This could hurt the company’s case, he said, if the board of directors believes the company suddenly adopted a broader interpretation of its guidelines for handling Trump’s positions on and after Jan. 6.

“Much of this is due to Facebook’s own mistakes last year,” said Kreiss.

In his January 7 post, Zuckerberg said Facebook let Trump use the platform “in accordance with our own rules,” but storming the Capitol changed the dynamic dramatically. “The current context is now fundamentally different and includes the use of our platform to instigate violent uprisings against a democratically elected government,” said the CEO.

However, critics have impaled the company for not acting more aggressively against Trump’s repeated, unfounded allegations of widespread election fraud in the 2020 election, as well as previous posts such as his warning to racial justice protesters last May: “When the looting begins Filming begins. “Zuckerberg turned down such criticism almost a year ago, saying,” Our position is that we should allow as much expression as possible unless there is an imminent risk of specific harm or hazards set out in clear guidelines. “

The perceived inconsistency associated with the board’s initial decisions could mean Trump is about to make a comeback, argued Kreiss.

“If I were a bettor, I’d say the early decisions made me expect the board to overturn Facebook’s decisions,” he said.

One point for Facebook: Trump’s case defies precedent

Perhaps the biggest factor for Facebook is the fact that Trump’s case breaks any semblance of precedent that the board could have established in its early decisions, said the folks following his deliberations.

None of the previous cases directly involved a head of government – let alone the leader of the free world or someone accused of instigating a fatal attack on the seat of his own democracy. Also, all of the disputes in the past have centered on Facebook’s decision to remove certain content rather than blocking someone’s entire account.

“The thing about the Trump case is that it is so sui generis and extraordinary,” Douek said.

“This just seems like a case that is different in some ways … because of its size in terms of who that person is,” said Shannon McGregor, University of North Carolina media professor who co-wrote a piece with Kreiss urge regulators to uphold Trump’s suspension.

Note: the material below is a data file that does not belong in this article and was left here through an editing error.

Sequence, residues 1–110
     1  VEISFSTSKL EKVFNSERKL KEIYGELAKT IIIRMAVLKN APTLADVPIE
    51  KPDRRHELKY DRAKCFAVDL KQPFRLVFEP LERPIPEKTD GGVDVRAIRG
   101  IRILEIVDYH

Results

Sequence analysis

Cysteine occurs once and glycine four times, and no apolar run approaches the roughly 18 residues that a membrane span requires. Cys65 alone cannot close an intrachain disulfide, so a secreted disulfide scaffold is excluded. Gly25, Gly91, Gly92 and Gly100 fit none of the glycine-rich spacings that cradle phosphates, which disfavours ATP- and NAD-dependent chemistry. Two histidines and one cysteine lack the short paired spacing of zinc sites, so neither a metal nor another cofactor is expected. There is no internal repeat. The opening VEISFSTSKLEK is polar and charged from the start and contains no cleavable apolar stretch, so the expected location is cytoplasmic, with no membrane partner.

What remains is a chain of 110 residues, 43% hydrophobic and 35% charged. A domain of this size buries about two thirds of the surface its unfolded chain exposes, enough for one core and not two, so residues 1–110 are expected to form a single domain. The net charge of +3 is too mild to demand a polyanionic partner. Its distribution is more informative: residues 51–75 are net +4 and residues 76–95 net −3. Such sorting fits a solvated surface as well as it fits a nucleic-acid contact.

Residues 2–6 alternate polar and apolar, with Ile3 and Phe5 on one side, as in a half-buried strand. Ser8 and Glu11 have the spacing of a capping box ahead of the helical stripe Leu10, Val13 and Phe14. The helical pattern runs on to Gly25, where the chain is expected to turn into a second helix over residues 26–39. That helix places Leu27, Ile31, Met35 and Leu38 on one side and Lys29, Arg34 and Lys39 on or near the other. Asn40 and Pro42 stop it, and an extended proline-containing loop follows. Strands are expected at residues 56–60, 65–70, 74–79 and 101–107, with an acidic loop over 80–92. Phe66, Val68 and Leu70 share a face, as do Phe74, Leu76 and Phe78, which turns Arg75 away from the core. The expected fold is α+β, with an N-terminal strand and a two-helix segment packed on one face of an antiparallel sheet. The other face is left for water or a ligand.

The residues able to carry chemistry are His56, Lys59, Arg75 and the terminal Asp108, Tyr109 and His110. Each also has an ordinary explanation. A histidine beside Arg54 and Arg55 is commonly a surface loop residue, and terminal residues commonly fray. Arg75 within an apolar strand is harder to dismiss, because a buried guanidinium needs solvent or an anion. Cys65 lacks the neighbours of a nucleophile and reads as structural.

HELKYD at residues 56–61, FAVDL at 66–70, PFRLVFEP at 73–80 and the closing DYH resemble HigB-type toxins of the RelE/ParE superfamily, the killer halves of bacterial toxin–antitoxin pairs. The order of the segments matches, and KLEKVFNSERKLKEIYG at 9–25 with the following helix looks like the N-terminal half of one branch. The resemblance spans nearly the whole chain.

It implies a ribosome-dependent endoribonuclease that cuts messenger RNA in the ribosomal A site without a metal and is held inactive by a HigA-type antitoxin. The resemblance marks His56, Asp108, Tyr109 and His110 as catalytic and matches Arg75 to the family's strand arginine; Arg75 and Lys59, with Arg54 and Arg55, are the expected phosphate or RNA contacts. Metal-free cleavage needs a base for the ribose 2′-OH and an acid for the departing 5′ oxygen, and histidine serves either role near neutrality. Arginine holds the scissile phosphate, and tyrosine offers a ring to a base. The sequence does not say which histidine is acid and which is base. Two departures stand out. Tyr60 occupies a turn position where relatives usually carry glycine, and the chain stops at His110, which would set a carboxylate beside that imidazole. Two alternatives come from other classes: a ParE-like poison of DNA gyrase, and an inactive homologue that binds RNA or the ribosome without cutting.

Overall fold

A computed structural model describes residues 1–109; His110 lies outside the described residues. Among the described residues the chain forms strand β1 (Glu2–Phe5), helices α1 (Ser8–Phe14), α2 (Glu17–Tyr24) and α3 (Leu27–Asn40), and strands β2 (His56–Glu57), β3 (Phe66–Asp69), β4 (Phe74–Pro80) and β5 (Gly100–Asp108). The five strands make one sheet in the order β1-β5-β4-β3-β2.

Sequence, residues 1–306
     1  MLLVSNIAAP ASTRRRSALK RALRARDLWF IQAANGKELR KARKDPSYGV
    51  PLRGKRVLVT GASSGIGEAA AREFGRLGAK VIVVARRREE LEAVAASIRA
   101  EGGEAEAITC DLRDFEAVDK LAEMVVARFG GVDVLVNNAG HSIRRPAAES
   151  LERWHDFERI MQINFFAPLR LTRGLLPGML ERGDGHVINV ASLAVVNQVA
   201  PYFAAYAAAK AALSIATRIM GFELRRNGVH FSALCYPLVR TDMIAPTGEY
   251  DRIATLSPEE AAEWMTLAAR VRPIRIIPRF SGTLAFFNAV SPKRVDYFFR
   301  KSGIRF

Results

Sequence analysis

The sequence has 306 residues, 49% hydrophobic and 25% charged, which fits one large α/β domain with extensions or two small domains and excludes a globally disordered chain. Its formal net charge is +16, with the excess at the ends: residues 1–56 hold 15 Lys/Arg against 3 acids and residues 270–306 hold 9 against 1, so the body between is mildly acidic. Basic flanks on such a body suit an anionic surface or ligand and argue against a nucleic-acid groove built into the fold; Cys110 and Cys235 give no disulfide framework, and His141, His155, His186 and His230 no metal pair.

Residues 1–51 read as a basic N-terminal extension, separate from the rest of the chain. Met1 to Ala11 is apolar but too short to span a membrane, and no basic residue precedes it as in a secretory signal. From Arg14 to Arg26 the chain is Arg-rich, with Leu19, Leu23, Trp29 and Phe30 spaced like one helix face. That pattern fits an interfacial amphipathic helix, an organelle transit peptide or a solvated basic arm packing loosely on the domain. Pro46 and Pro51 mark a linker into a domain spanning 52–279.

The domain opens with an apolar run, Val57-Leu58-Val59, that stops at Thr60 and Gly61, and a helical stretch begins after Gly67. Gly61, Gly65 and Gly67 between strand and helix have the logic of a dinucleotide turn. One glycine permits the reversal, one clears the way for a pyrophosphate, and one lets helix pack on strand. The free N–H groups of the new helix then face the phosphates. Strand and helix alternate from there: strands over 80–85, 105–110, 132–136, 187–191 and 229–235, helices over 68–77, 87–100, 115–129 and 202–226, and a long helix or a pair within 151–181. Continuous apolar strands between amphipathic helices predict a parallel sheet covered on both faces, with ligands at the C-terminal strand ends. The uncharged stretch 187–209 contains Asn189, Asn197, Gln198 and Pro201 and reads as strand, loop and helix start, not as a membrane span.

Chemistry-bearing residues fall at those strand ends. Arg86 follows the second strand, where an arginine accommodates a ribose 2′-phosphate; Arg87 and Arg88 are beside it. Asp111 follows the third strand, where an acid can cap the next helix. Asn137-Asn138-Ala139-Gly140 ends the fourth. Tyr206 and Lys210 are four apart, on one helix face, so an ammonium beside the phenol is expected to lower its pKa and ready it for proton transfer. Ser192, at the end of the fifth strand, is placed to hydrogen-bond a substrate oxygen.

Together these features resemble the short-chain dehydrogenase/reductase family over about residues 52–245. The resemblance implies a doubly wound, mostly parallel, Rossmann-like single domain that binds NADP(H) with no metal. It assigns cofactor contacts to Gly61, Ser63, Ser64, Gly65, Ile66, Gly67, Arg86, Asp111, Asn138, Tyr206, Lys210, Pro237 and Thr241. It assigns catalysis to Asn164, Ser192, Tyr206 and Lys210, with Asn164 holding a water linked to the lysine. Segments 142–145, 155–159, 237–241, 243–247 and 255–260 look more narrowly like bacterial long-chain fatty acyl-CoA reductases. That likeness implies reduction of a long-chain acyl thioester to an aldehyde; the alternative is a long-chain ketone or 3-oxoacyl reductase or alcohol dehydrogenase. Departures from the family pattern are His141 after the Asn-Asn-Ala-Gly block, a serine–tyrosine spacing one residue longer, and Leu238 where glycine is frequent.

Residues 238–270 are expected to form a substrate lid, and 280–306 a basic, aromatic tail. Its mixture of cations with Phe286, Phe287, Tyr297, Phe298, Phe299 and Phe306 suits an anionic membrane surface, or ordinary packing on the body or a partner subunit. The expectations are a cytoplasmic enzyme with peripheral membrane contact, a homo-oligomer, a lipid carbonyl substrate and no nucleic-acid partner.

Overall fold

Facebook indeed relied on the unprecedented nature of the case when it referred Trump’s suspension at the regulator on January 21st, beginning of the 90-day maximum review period.

“Our decision to suspend then-President Trump’s access was made under exceptional circumstances: A US President actively fomented a violent uprising to thwart the peaceful transfer of power. Killed five people; Legislators fleeing the seat of democracy,” said Nick Clegg, former UK Deputy Prime Minister, Facebook chief for global affairs.

He added, “This has never happened before – and we hope it will never happen again. It was an unprecedented series of events that required unprecedented action. “

This could mean that even if the board has problems with how Facebook reached its decision, it can agree with its conclusion.

“I’d probably fall on my side: you’re not going to order his account restored, but with an opinion that explains a lot of things Facebook needs to change about its policies to make that outcome clearer and more predictable in the future,” said Llansó.

One point for Facebook: The board is very human rights oriented

Trump and his conservative allies have long accused Facebook and other social media sites of trampling on free speech by unevenly restricting its content, an accusation the companies deny. The criticism borrows from the American tradition of largely unrestricted self-expression, a tradition that Zuckerberg himself proclaimed as a core value for Facebook.

However, the researchers said they expect the regulator to look at Trump’s suspension through a broader human rights lens, which would put more emphasis on how Trump’s speech could harm others.

“The human rights law deals with freedom of expression not only with the freedom to provide information, but also with the freedom to seek and receive it, and provides a kind of framework for reflecting on the implications of language can have on others, ”said Kaye.

That’s not a good sign for Trump, Kaye said, because it would mean Trump’s right to freedom of expression on Facebook wouldn’t necessarily be a determining factor in the board’s decision.

However, some are not convinced that the Board will take such a comprehensive approach to the case.

Paul Barrett, associate director at NYU Stern Center for Business and Human Rights and former Bloomberg columnist, argued in an article that the board’s previous decisions “Tended to narrow the actual context of the controversial posts, an approach that can minimize the potential harm that the speech in question could cause.”

He added, “If those biases were carried over to the Trump decision, they would help him.”

However, viewers should be careful not to read too much into the board’s original decisions, Douek said.

“Predicting the future is always a bad idea, and it’s kind of stupid to do so on such a small sample,” she said.